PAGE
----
China plus one: Mexico and Vietnam

Mexico and Vietnam benefit from the «China plus one» model, in which China-dependent companies add a non-Chinese supplier.

According to Morgan Stanley Institutional Fund, stock selection and an overweight allocation to Mexico contributed in 2022 to relative performance, led by the allocation to one of the country’s largest banks. 

From this fund’s perspective, Mexico has emerged from the pandemic in a better macroeconomic position than it was going in, with strong growth in both real and nominal terms. 

Going forward, it added, the country’s economy should continue to benefit from trade and economic ties with its main trading partner, the United States. 

The fund noted that the administration of President Andrés Manuel López Obrador has demonstrated fiscal rectitude, even as the state has increased its role in the oil and electricity sectors.

Many companies are reviewing their supply chain management practices to promote greater resilience, even at greater cost. 

For some companies, this may include diversifying suppliers by country and increasing «near offshoring,» locating production closer to domestic markets.

So far, Mexico’s economy has maintained its positive momentum. Preliminary GDP registered annual growth of 3.3% during the third quarter of 2023, accumulating eight consecutive quarters of growth. 

Last February, J.P. Morgan reported that «…Mexico’s case is particularly important for the U.S. given its geographic advantage; low labor costs; and the existence of a 30-year North American trade agreement. In fact, low costs and logistical advantages are the two pillars of nearshoring.»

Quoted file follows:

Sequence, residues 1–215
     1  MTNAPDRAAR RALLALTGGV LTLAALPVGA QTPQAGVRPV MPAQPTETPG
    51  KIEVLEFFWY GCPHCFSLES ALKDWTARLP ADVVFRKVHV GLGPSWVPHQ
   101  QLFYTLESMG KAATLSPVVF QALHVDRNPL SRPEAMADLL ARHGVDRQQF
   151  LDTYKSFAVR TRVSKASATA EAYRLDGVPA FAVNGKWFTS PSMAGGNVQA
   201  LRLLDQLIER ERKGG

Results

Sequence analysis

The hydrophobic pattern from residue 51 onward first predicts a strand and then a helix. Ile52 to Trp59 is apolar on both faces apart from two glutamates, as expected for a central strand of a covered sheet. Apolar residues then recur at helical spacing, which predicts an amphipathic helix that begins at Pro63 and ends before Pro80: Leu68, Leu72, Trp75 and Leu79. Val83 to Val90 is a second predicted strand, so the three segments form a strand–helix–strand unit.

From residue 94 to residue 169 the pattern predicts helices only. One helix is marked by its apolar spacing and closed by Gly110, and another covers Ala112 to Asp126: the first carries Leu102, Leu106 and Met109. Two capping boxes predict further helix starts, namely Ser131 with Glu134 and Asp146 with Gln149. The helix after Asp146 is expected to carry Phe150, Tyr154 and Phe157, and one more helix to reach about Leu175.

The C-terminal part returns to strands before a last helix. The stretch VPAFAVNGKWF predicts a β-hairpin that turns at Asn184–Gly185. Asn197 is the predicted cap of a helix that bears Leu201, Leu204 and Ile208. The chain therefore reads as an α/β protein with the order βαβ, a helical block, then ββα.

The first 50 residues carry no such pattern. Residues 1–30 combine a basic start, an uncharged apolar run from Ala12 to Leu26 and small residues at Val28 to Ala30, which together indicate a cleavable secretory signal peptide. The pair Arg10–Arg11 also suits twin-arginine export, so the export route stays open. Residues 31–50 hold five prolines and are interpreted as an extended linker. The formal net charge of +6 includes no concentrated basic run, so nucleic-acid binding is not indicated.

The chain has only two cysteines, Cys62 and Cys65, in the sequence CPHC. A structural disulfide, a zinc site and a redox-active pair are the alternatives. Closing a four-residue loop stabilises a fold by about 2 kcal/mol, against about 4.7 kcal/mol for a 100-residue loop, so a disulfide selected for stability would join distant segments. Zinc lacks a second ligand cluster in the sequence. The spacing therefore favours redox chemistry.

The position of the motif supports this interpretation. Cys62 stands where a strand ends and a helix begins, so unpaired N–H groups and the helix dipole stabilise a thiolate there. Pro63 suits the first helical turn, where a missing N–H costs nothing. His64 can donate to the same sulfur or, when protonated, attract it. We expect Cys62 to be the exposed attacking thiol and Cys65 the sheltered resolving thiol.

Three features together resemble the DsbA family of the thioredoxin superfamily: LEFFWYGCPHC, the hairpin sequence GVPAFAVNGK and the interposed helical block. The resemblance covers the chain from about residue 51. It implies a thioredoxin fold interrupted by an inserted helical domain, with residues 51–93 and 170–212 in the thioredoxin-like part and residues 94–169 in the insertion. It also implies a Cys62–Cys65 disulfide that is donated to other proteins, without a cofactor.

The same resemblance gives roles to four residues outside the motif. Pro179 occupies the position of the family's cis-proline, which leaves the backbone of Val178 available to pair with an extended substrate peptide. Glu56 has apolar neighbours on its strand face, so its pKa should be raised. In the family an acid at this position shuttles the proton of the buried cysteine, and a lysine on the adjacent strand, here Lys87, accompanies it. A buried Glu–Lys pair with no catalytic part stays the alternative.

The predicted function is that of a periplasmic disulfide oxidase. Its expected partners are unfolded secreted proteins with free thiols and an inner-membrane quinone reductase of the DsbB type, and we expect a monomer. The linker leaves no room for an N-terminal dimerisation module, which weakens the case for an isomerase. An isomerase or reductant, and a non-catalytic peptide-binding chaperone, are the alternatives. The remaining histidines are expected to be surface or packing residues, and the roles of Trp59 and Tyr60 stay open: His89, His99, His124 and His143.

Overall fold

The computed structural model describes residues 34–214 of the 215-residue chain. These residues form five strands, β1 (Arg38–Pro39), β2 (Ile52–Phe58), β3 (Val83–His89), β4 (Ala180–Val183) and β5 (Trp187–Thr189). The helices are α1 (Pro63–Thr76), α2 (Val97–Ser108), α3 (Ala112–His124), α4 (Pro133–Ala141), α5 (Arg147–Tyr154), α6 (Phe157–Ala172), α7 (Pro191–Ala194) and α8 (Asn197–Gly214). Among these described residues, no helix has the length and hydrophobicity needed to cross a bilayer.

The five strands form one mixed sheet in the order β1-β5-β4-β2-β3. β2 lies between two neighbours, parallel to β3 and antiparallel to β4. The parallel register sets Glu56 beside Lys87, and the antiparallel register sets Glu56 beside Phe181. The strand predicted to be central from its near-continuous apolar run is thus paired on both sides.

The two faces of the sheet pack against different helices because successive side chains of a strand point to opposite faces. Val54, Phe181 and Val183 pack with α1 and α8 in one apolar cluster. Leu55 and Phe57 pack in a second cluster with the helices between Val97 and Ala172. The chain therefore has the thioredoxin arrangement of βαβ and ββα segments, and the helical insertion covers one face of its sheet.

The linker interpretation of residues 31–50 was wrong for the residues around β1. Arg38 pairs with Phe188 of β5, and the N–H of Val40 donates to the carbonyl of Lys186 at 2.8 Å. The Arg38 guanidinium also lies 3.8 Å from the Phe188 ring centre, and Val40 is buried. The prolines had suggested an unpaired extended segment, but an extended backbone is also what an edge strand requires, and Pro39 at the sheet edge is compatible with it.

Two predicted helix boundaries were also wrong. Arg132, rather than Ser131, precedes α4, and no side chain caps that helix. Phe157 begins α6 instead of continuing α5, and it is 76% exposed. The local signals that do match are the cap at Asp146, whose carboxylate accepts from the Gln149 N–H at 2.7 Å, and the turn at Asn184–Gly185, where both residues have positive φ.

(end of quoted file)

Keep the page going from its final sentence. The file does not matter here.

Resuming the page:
China plus one

Another case in point is Vietnam. Its structural macro history is compelling: Vietnam remains a high-growth country driven by external sources such as exports and manufacturing, and its strong human and financial capital allow it to be one of the few countries that continues to globalize in a de-globalizing world. 

In addition, Morgan Stanley Institutional Fund notes that a growing consumer class is emerging, with the middle class expected to add around 37 million new consumers by 2030. 

Although Vietnam faces short-term cyclical challenges from tightening macroeconomic and financial conditions, given its global trade linkages and economic ties to the United States and the recent credit boom, the country should be in a position to benefit from both the reopening of China and offshoring from countries and companies seeking a China-plus-one manufacturing strategy. 

The country’s young, tech-savvy and expanding middle class is giving way to a new generation of consumers that should help drive the growth of this NextGen economy.


Some investors underestimate China’s hard-to-replicate manufacturing position. 

Supply chain changes are coming, but they will be gradual. 

Vietnam is well positioned to benefit in the long term from supply chain changes thanks to its young, educated workforce and its economy, which has been primed for semiconductor and apparel manufacturing. 

India, Indonesia and Malaysia have benefited to a lesser extent. 

India is increasing its domestic manufacturing through its product-linked incentive scheme, which offers incentives for incremental sales of domestically manufactured goods.

The crackdown on leverage among real estate developers has exacerbated China’s real estate crisis. 

The problem is somewhat larger than reports suggest and there continues to be concern about leverage in the broader economy. 

Given that government stimulus is relatively moderate, it will take time to stabilize the housing market, even after the changes announced at the recent Chinese Communist Party Congress.


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